In the "Prosser Resolution" of 1945 he once again accused the secondary schools of failing to prepare the great majority of children to take their place in adult society. He claimed that 20 percent of the high school population was receiving an appropriate college-entrance education and another 20 percent was being well served by vocational programs, but that the remaining 60 percent desperately needed "life adjustment education"–they needed practical training that included personality, etiquette, health, home, and family living. In essence, the resolution revived Prosser's old idea that the principal function of schooling should be the adjustment of individuals to the social and occupational circumstances in which they live. In the long run, most of Prosser's initiatives did not prevail; nevertheless, more than any other single person, he was responsible for the fact that vocational education in the United States became the most successful curricular innovation of the twentieth century.
See also: Kerschensteiner, Georg; Secondary Education, subentry on History of; Snedden, David; Vocational and Technical Education.
Gadell, John. 1972. "Charles Allen Prosser: His Work in Vocational and General Education." Ph.D. diss., Washington University.
Greenwood, Katy L. B. 1978. "A Philosophical Rationale for Vocational Education: Contributions of Charles A. Prosser and His Contemporaries, 1900–1917." Ph.D. diss., University of Minnesota.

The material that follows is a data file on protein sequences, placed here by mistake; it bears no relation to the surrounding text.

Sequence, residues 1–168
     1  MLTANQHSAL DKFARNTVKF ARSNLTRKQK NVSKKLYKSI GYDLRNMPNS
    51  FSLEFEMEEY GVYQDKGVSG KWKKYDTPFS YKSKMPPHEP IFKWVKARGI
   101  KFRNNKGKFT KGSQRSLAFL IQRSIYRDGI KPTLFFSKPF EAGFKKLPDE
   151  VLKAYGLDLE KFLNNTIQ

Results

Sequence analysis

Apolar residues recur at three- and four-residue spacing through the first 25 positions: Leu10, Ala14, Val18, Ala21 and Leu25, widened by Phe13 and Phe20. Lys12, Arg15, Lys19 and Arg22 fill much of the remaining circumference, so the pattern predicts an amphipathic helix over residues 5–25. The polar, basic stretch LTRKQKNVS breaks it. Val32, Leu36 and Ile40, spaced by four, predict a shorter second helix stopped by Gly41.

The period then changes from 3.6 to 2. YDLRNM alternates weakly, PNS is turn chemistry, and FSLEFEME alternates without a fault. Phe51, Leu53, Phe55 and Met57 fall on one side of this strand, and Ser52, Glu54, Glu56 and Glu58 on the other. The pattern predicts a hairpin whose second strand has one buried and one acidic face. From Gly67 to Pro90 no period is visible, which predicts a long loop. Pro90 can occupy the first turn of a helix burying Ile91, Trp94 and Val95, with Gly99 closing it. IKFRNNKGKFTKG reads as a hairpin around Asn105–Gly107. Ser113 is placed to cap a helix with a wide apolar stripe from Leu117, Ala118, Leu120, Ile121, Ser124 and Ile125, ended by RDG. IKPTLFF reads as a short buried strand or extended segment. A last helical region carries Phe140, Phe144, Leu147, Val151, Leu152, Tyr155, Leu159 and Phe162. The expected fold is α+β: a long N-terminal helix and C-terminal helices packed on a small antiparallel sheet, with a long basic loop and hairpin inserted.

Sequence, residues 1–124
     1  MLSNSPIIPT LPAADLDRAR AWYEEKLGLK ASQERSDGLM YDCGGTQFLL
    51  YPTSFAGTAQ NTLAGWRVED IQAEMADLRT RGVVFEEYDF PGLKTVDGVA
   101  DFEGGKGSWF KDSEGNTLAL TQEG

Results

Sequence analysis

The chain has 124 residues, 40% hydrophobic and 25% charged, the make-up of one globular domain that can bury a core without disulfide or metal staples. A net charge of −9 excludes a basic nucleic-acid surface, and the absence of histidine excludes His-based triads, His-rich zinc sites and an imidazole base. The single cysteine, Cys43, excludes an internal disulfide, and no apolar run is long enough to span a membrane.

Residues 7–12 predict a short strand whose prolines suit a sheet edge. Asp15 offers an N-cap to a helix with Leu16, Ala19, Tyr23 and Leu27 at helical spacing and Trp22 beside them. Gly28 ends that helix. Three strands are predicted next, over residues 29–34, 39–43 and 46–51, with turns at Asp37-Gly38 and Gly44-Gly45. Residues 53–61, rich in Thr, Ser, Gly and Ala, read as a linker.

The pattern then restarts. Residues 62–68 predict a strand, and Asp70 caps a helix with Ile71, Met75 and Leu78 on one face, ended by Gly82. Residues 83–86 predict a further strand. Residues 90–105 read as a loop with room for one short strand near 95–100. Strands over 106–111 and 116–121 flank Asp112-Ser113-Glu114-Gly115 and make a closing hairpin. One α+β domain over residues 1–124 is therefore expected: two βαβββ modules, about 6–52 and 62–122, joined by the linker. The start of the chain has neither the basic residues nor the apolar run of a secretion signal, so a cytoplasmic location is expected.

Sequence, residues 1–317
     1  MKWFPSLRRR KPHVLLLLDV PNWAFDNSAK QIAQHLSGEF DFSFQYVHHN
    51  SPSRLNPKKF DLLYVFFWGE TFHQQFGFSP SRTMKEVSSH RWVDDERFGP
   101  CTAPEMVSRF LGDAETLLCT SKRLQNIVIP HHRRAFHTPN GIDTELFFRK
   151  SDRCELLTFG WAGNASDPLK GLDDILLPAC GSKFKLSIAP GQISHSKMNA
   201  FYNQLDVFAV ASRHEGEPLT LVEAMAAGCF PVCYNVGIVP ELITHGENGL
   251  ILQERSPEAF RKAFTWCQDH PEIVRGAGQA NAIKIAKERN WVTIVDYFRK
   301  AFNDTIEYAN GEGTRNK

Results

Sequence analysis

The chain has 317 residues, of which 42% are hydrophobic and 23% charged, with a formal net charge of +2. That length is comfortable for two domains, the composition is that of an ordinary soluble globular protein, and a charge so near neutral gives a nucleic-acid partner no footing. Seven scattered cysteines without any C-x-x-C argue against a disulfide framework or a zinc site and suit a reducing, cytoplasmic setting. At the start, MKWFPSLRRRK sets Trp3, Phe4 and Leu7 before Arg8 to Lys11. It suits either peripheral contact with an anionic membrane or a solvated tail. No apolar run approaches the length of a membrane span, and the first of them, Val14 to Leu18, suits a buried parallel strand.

Kliebard, Herbert M. 1986. The Struggle for the American Curriculum, 1893–1958. New York: Routledge and Kegan Paul.
Prosser, Charles A. 1939. Secondary Education and Life. Cambridge, MA: Harvard University Press.
Prosser, Charles A., and Allen, Charles R. 1925. Vocational Education in a Democracy. New York: Century.
Prosser, Charles A., and Allen, Charles R. 1929. Have We Kept the Faith? America at the Cross-Roads in Education. New York: Century.
Prosser, Charles A.; Hawkins, Layton S.; and Wright, John C. 1951. Development of Vocational Education. Chicago: American Technological Society.
Prosser, Charles A., and Lockwood, George B. 1905. The New Harmony Movement. New York: Appleton.
Wirth, Arthur G. 1972. Education in the Technological Society. The Vocational-Liberal Studies Controversy in the Early Twentieth Century. Scranton, PA: Intext.